Well, a week has passed since I last posted, and once again I have stuff going on that I don't want to blog about - work, mostly. Again. It's probably a good thing that I've started doing Wharton Wednesdays b/c otherwise this poor blog might get a bit neglected.
Well, I did call my dad this evening to wish him a happy birthday - his 78th, which is quite respectable.
Here is a bit from The Glimpses of the Moon. Wharton had a thing about the children of the rich being physically, intellectually, emotionally, and spiritually neglected; and perhaps overly aware of material things.
When she woke the next morning the sun was pouring in between her curtains of old brocade, and its refraction from the ripples of the Canal was drawing a network of golden scales across the vaulted ceiling. The maid had just placed a tray on a slim marquetry table near the bed, and over the edge of the tray Susy discovered the small serious face of Clarissa Vanderlyn. At the sight of the little girl all her dormant qualms awoke.
Clarissa was just eight, and small for her age: her little round chin was barely on a level with the tea-service, and her clear brown eyes gazed at Susy between the ribs of the toast- rack and the single tea-rose in an old Murano glass. Susy had not seen her for two years, and she seemed, in the interval, to have passed from a thoughtful infancy to complete ripeness of feminine experience. She was looking with approval at her mother's guest.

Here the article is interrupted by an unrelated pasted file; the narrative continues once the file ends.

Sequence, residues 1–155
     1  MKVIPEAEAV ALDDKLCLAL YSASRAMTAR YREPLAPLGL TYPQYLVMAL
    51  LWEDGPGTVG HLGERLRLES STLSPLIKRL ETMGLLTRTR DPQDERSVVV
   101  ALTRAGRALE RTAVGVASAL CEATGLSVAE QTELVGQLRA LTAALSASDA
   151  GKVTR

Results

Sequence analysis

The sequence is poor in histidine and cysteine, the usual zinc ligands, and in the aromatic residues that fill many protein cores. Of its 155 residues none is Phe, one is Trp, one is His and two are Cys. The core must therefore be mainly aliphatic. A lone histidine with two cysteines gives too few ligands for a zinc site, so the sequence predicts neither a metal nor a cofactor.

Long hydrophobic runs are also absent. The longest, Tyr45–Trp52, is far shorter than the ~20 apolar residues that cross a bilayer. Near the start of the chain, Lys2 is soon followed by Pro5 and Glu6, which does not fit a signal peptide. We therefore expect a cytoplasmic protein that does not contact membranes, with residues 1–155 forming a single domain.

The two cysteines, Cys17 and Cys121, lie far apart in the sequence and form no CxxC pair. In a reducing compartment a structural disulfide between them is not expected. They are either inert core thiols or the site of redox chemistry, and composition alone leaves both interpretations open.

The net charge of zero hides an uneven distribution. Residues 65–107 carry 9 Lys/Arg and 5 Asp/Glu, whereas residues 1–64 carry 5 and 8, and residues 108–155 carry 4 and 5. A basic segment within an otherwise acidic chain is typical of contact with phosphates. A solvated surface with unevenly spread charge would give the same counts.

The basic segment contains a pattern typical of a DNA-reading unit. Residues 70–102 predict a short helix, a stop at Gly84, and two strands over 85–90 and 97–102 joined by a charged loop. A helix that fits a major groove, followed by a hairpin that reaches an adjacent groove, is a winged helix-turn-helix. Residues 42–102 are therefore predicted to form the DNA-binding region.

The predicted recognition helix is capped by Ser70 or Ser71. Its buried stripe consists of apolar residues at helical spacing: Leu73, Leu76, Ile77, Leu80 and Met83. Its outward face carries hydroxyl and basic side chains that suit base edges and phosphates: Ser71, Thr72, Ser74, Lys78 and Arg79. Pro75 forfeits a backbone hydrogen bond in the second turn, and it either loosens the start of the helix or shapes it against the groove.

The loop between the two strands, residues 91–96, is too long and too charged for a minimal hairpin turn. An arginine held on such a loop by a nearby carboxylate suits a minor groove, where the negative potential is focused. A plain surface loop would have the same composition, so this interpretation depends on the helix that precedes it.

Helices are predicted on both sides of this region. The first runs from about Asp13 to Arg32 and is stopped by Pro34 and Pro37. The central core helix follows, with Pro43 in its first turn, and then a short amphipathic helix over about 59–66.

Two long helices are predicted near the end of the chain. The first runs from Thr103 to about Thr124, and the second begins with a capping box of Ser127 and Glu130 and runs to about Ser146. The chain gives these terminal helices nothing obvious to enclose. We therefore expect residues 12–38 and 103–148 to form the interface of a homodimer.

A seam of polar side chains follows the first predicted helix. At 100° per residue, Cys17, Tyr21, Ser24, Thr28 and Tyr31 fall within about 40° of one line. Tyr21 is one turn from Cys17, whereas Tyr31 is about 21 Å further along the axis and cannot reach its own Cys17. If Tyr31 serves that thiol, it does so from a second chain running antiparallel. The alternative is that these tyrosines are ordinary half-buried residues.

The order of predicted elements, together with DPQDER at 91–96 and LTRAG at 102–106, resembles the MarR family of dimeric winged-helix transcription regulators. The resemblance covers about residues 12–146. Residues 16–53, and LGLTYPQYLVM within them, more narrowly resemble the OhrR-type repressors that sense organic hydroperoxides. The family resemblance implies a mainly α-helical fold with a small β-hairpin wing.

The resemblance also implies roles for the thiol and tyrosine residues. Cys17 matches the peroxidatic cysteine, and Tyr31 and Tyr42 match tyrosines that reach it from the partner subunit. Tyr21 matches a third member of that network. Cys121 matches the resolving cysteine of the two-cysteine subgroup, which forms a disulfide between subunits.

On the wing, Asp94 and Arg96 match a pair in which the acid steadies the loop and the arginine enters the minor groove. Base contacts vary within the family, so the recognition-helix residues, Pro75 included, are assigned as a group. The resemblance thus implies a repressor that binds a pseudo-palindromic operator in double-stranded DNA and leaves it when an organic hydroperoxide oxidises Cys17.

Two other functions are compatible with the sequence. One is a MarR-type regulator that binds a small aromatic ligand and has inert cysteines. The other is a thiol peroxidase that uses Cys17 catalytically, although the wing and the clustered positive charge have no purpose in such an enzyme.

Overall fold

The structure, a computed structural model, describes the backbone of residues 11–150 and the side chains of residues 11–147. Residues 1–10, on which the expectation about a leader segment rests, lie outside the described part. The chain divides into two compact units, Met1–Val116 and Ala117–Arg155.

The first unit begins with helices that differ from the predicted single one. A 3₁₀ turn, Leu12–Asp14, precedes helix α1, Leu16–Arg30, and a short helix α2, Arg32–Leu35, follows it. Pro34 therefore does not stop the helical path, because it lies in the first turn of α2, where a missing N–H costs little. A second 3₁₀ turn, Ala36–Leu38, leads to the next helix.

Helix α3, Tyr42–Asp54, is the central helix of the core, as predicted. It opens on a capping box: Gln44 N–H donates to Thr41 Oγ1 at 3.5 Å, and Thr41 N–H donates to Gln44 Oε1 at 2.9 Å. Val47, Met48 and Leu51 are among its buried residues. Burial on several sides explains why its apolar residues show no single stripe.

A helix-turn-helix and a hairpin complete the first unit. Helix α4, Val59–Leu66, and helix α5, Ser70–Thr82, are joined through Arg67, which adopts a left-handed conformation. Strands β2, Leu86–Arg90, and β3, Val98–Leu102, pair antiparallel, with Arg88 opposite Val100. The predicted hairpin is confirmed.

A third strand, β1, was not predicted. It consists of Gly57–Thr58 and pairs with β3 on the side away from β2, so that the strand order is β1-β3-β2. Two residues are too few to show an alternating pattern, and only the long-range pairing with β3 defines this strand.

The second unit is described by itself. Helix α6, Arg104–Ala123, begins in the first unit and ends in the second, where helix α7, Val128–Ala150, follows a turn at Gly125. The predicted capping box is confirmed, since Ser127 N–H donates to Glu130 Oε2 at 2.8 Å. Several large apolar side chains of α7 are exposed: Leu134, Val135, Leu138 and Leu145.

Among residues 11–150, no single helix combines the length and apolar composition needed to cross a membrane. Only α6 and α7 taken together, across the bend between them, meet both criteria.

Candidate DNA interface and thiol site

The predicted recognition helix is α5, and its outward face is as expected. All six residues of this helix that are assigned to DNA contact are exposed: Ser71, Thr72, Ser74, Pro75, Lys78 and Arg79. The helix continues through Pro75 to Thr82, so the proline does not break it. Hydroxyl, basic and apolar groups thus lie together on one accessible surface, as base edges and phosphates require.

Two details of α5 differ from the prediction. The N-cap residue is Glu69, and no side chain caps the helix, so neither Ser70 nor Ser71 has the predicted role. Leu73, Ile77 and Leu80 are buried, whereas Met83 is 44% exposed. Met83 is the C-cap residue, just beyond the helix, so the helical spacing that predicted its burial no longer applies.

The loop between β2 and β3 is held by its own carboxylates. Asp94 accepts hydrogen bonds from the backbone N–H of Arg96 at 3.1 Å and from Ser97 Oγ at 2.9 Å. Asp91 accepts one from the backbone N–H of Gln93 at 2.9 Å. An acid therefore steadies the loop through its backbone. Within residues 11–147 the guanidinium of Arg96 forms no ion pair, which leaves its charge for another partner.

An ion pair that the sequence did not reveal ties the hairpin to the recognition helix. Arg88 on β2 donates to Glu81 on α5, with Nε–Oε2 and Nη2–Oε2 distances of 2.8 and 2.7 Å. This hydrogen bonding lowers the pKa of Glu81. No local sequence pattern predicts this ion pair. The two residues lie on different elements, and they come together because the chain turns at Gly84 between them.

"I'm so glad you've come," she said in a small sweet voice. "I like you so very much. I know I'm not to be often with you; but at least you'll have an eye on me, won't you?"
"An eye on you! I shall never want to have it off you, if you say such nice things to me!" Susy laughed, leaning from her pillows to draw the little girl up to her side.
Clarissa smiled and settled herself down comfortably on the silken bedspread. "Oh, I know I'm not to be always about, because you're just married; but could you see to it that I have my meals regularly?"
"Why, you poor darling! Don't you always?"
"Not when mother's away on these cures. The servants don't always obey me: you see I'm so little for my age. In a few years, of course, they'll have to--even if I don't grow much," she added judiciously. She put out her hand and touched the string of pearls about Susy's throat. "They're small, but they're very good. I suppose you don't take the others when you travel?"